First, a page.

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Saturday, August 13, 2011

Raksha Bandhan

Raksha Bandhan or the bond of protection is primarily observed to celebrate the bond between brothers and sisters where the sister ties a rakhi or sacred knot around the wrist of the brother and he vows to protect her through life. The brother could be related by blood or be a muh bolah one. My post is about the later.

There are several historical mentions of the rakhi-bond; as a kid, I read about Krishna-Draupadi, Karnavati, the queen of Chitor and Humayun, the Mughal emperor. There was a time when it meant something. But I have become a cynic over the years.

A psychoanalysis session might yield the following as a causal event of my attitude:

A boy (A) in my class had a crush on a girl(B), everyone knew about it - including the
girl. On Rakhi, the greatest fear of a boy was to get a rakhi from someone for whom he had a romantic predisposition. Many skipped school  on that particular day for the same. However, A was not so fortunate. When classes got over, B got hold of A and tied a rakhi round his wrist. I saw his face. He waited until she turned her back, took it off, threw it in the ground and stomped on it like a maniac, with anger so real that it hurt me even to watch him.

Many girls have resorted to this technique. When a certain undesirable wooer tries to seek affection, the girl waits till rakhi to crush all his dreams. I am a woman but I feel it is foul play. I can understand the fear can be real for some who know the havoc unrequited love can create, but trying to extinguish feelings by spray painting a pseudo-relation? You can't force anyone to love or unlove. This age old ceremony became an arrangement for emotional castration. Worse still, I saw a rakhi brother and sister date- something equivalent to incest- at east in my books.

I am not a syngenesophobic, but I hardly ever call anyone my 'brother' until I really mean it. I have tried calling one of my very old friends,'Dada'( elder brother in Bangla) on several occasions, because I see him that way. But I have noticed he feels offended by it and protests vehemently. I will never know if he dislikes it because of the age connotation or because he thinks it makes him feel like a asexual being. It is the tragedy of a generation that has seen sex appeal being overrated in media and probably thinks sex is the only way to connect.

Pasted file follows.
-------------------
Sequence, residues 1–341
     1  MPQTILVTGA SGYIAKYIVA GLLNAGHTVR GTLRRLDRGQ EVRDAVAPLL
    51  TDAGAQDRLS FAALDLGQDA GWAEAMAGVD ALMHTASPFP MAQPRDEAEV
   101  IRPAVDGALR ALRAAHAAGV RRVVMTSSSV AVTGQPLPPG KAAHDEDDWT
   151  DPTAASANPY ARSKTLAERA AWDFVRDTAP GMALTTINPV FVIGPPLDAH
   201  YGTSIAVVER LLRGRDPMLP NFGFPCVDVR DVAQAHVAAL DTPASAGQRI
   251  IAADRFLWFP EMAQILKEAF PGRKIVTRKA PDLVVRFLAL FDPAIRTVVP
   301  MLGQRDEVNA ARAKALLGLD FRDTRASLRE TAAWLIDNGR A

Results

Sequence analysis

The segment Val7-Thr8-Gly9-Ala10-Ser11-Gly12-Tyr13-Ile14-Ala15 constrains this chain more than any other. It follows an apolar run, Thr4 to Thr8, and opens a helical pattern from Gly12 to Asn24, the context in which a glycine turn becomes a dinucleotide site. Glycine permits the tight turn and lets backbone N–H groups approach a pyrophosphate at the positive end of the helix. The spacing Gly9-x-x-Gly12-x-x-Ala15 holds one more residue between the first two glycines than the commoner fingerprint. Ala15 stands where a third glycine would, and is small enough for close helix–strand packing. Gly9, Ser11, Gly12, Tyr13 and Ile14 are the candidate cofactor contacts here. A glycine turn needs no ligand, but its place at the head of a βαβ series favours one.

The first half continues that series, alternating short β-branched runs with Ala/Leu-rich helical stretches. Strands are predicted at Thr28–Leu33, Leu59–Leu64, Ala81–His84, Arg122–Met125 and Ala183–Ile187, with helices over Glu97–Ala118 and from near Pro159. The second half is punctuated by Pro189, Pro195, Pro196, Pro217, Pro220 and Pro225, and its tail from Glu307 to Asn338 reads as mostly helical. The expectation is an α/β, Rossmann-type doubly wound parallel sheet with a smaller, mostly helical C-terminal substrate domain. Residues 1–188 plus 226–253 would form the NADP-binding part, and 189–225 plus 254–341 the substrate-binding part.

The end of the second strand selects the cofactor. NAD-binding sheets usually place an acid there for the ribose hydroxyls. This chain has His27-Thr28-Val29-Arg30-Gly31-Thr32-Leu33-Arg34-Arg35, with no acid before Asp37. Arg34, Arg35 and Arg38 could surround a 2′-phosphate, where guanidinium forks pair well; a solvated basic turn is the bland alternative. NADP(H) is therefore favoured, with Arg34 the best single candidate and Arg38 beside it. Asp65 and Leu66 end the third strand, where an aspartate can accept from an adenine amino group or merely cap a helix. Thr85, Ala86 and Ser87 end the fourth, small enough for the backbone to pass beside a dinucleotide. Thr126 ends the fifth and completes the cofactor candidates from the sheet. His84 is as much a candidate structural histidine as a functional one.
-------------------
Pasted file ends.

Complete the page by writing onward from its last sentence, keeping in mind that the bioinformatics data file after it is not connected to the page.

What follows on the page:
Whatever the reason- my only supplication is - girls, please don't use a rakhi as a protection from the one you are tying it to- it disrespects the sentiments associated with it. And boys (not men- they know)- don't try too hard to capitalize on your sex appeal- there are a lot of relations worth more than that.


sangram said...

Well said - I absolutely agree with your logical interpretation - and I have never been convinced about all the craze in celebrating rakhi. Tying strings had different meaning to it - and to me it was almost like the concept of strengthening the blood relation just by performing an act - blood brother "Act" where you can drink each others blood - and then for Rakhi, where you tie a string as if you wanted to forcefully tie a knot between the DNA's -
my personal feeling - if you really want to be a protector - you are a protector from birth - its not that you will only protect your sister or sister's for that manner - but you can protect anyone/everyone. Your bravery will always be intact and need not be re-established by tying knots all around your hand (e.g. i have seen guys with 10-15 rakhis on one hand - which basically means he will protect all 15 of those) and then you see him the first one to back off when danger knocks on the door.

great post !!

Amitabha said...

Groovy. Keep on writing and let me keep on visiting your blog.